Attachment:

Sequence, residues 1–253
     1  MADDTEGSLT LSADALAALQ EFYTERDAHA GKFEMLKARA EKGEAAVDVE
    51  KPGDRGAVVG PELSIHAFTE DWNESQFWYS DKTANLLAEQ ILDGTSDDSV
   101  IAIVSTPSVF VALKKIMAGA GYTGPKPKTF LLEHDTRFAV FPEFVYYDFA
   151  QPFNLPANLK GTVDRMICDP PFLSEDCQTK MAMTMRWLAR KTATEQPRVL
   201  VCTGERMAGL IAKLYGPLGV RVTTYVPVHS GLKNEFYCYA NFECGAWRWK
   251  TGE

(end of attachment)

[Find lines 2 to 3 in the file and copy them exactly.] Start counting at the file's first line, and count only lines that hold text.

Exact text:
     1  MADDTEGSLT LSADALAALQ EFYTERDAHA GKFEMLKARA EKGEAAVDVE
    51  KPGDRGAVVG PELSIHAFTE DWNESQFWYS DKTANLLAEQ ILDGTSDDSV